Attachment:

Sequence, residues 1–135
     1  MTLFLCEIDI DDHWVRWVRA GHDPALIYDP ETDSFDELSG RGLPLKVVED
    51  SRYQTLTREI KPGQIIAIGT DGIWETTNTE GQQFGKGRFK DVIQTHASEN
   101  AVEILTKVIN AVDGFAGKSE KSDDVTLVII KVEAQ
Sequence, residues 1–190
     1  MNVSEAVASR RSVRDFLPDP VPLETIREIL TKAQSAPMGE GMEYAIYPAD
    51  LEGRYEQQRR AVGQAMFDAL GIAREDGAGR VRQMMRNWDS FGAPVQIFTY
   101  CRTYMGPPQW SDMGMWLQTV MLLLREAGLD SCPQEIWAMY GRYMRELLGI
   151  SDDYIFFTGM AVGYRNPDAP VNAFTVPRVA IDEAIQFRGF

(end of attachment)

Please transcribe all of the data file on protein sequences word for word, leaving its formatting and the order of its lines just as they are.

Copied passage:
Sequence, residues 1–135
     1  MTLFLCEIDI DDHWVRWVRA GHDPALIYDP ETDSFDELSG RGLPLKVVED
    51  SRYQTLTREI KPGQIIAIGT DGIWETTNTE GQQFGKGRFK DVIQTHASEN
   101  AVEILTKVIN AVDGFAGKSE KSDDVTLVII KVEAQ
Sequence, residues 1–190
     1  MNVSEAVASR RSVRDFLPDP VPLETIREIL TKAQSAPMGE GMEYAIYPAD
    51  LEGRYEQQRR AVGQAMFDAL GIAREDGAGR VRQMMRNWDS FGAPVQIFTY
   101  CRTYMGPPQW SDMGMWLQTV MLLLREAGLD SCPQEIWAMY GRYMRELLGI
   151  SDDYIFFTGM AVGYRNPDAP VNAFTVPRVA IDEAIQFRGF